Real wedding: Danielle + Stephen

Danielle sent me her adorable wedding with tons of charming details and I just had to share with you guys!  Check out her story below…

Stephen and I met, for the first time, when I was 11 and he was 13. After a year or so of friendship, we started dating in the spring of 2001 when I was 14 and he was 16, and we have been together since. He and I were married on September 26th 2009 in the backyard of our mutual childhood friend’s home.

I went to school for fine arts for 2 years and then transferred schools to graduate with a bachelor’s degree in Interior Design and plan kitchens. Stephen is an Industrial Designer working as a Graphic Designer. He and I knew right away we would be doing most of it ourselves, and in our own unique way.

We started brainstorming about two years before the actual wedding. Deciding to choose the location first was the root of the entire wedding concept. We looked around Philadelphia and the suburbs of Southern New Jersey where we grew up, but couldn’t find a place that suited our personalities and our guest’s needs. After months of searching, we finally realized the only place we would ever want to be married was exactly where we had first fallen in love.


Stephen and I had mutual friends growing up and we often spent time in large groups, gathered around a bonfire, camping out under the stars, exploring the woods, and walking through miles of orchards. The center of all this growing and exploration was the backyard of our dear friends, who were brothers. Our group had a sort of headquarters in the shed there, where we had scavenged sofas and tables, and made ourselves a sort of home away from home. This was exactly where we had begun our love, and it felt only right to begin our marriage there as well.

Once we had the location the details started to come into focus. Stephen and I are both passionate about sustainability and supporting local small businesses. We are also blessed with a great family who loves to pitch in and help out where they can.

Favors and color:

The first thing we decided on was our favors, which also allowed us to settle on a color palette. We chose to give apples to our guests. It seems to be appropriate to the location, as we were being married adjacent to apple orchards. The colors of our wedding were gold and red, vibrant and seasonal.

Flags and fabrics:

Stephen and I also loved the charm of bunting flags, and quickly took to hunting for fabrics in the appropriate colors. We used vintage sheets and curtains, as well as store bought quilting fabrics. My oldest sister and I cut out hundreds of triangle flags on my mother’s living room floor from a template I created that allowed for a two inch block at the top of each triangle, which was lined with hem-tape, folded over the twine at certain intervals, and ironed down. The whole project probably took 12 hours from start to end, fifty dollars, and turned out to be one of my favorite details of the day.  We also used longer pieces of the same fabrics for table runners which my sister sewed down to size. The table cloths were inexpensive unbleached bedspreads and the napkins were red and white dishtowels from IKEA, where Stephen and I both work.

Plates and cups:

One of the more time consuming projects was the plate hunt. Stephen and I chose to buy mix-matched plates from thrift stores instead of renting or purchasing disposables. The cost was nearly the same as if we had rented and the search was great. My mom and I traveled all around South Jersey to the smallest thrift stores in the most hidden parts and gathered up hundreds of plates and mugs in coordinating browns, yellows, and oranges. In four months time we had more than enough to create beautiful, unique, place setting for every guest. The cutlery was purchased at IKEA for cheap, and was divvied up throughout the family after the wedding was over. Also, at each place setting were two mason jars, one large for dinner drinks and one small for wine. We purchased all of them at a bulk supply store for around seventy-five dollars and resold them afterwards.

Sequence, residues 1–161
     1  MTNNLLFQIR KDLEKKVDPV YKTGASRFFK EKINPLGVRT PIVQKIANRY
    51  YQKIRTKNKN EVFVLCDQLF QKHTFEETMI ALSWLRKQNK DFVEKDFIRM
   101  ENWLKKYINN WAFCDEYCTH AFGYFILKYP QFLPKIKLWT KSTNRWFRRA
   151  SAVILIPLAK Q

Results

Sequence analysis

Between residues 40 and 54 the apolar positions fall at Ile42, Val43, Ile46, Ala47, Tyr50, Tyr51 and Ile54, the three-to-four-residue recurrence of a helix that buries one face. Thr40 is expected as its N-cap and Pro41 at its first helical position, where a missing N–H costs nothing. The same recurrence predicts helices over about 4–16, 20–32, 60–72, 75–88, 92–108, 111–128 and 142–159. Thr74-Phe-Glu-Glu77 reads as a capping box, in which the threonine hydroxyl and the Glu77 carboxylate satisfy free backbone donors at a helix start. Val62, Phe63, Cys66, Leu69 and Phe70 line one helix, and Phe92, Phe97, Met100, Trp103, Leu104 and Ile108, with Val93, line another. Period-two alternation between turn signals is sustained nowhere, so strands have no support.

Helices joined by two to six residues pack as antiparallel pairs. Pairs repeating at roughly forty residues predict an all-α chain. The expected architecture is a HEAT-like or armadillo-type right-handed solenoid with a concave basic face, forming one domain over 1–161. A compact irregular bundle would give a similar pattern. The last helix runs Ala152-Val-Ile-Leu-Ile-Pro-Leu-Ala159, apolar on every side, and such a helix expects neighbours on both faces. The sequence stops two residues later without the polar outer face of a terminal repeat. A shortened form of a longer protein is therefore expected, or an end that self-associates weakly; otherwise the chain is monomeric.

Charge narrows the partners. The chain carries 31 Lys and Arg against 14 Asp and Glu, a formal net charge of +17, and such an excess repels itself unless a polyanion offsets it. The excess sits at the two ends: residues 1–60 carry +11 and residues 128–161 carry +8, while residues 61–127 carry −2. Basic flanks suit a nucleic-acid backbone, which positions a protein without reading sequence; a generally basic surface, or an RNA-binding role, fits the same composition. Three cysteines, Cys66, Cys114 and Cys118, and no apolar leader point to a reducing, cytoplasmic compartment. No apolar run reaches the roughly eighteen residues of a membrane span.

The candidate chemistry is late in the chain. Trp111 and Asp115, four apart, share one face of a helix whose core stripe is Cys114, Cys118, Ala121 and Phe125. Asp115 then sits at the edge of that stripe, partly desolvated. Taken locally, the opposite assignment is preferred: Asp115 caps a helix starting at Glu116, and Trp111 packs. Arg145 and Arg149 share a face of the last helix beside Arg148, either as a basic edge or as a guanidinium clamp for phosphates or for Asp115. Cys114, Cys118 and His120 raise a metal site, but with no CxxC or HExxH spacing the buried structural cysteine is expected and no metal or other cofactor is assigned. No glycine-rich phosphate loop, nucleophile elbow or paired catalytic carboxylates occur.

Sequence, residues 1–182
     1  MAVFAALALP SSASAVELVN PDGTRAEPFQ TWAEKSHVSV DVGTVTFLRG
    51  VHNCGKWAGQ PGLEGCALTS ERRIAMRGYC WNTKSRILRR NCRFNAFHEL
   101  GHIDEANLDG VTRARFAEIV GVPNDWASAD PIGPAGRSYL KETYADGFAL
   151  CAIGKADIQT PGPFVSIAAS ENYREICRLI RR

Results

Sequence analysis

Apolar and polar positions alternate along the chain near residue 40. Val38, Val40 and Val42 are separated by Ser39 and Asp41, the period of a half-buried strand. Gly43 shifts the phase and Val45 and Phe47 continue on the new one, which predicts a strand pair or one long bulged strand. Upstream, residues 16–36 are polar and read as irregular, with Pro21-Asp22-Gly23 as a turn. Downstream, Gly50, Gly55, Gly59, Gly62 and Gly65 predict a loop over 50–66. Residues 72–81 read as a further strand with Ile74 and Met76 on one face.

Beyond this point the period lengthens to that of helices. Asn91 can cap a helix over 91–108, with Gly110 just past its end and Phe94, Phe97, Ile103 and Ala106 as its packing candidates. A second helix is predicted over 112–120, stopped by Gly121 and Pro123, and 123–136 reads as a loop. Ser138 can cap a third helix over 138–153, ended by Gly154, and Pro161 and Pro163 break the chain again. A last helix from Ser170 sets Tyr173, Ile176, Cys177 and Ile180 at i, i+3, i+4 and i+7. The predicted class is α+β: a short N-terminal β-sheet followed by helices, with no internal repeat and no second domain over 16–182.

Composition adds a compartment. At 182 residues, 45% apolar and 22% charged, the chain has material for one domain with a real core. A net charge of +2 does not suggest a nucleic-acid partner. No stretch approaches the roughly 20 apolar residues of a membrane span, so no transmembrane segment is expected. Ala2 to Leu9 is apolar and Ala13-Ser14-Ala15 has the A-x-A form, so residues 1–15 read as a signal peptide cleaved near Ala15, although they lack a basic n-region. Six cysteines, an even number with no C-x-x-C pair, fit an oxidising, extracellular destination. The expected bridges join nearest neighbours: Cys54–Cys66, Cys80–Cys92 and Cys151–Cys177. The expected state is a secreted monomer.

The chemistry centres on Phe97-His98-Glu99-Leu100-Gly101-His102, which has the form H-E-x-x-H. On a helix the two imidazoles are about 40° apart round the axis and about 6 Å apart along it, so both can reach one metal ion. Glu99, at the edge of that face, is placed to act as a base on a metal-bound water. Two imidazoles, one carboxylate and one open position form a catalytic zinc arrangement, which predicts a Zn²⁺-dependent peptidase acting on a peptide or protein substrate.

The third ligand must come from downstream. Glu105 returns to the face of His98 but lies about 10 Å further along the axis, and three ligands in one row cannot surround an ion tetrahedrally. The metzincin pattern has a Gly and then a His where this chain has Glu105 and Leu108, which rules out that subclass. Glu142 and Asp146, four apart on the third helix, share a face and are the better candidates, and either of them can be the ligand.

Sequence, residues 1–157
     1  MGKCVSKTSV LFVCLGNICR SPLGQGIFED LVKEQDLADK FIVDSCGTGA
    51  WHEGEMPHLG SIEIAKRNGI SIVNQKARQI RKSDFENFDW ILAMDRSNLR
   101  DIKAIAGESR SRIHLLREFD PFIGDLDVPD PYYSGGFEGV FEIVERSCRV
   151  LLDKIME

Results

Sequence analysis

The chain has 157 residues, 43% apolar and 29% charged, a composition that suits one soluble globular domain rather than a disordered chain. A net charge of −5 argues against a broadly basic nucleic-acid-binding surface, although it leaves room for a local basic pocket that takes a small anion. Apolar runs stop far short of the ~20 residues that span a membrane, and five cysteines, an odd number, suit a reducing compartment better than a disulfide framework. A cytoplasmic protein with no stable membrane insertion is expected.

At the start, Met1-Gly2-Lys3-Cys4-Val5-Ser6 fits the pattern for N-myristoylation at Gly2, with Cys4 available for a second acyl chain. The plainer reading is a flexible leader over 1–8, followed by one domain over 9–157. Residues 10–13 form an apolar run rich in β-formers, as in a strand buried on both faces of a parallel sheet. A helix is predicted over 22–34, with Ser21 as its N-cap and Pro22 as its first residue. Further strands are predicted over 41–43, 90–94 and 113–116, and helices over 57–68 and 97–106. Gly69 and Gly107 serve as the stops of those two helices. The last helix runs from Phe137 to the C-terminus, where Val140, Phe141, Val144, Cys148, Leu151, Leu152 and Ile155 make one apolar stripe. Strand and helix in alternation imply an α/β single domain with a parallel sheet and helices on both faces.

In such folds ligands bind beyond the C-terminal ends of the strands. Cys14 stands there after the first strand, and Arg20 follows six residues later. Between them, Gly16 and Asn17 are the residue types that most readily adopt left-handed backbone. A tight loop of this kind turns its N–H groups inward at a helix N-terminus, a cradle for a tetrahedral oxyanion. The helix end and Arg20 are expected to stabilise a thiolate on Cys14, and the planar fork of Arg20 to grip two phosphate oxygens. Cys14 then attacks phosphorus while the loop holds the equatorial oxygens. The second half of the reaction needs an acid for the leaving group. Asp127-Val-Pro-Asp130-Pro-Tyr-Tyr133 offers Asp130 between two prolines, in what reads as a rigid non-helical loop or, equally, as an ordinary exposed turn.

Keeping it local- Wine and food:

Down the road from the site of our wedding is Heritage’s farm stand and winery and sticking with our hopes to keep the wedding as local as possible we wanted to source what we could from there. I contacted Rich Heritage, who I went through elementary and high-school with and whose family owns the farm, and we worked out a great deal on wine. We had blueberry, peach, and red wine on all the tables. We also purchased all of the apples for our favors from the same place. I enlisted the help of my two nieces, who were also the ring bearers, and on the morning before the wedding we drove to Heritage’s and loaded up bags with over 120 fresh picked apples. They were three for a dollar. Steal.

We met with a few caterers in regards to dinner, but no one could satisfy our concern with local food, with controlled ingredients, and a small budget. I asked my Aunt, whose parents own an Italian food company in Southern New Jersey if she would be able to help with the food, and, of course, she was more than willing to help out, and inevitably gave us the food as our wedding gift. I grew up eating this food at family gatherings, and it felt amazing to be able to enjoy the same dishes at my own wedding, and share that part of my life with Stephen’s family.

For desert we wanted a big desert table with seasonal pies and doughnuts from a local farm market. Our wedding cake was actually a pumpkin pie. My aunt and cousin made pumpkin bread and I made cupcakes. We also had a big assortment of cheeses, fruits, breads, and vegetables set out all night. The cheese, breads, and fruits came from Whole Foods, while most of the vegetables came from local farms. What we did purchase through the grocery store had local origins.

Rentals and organization: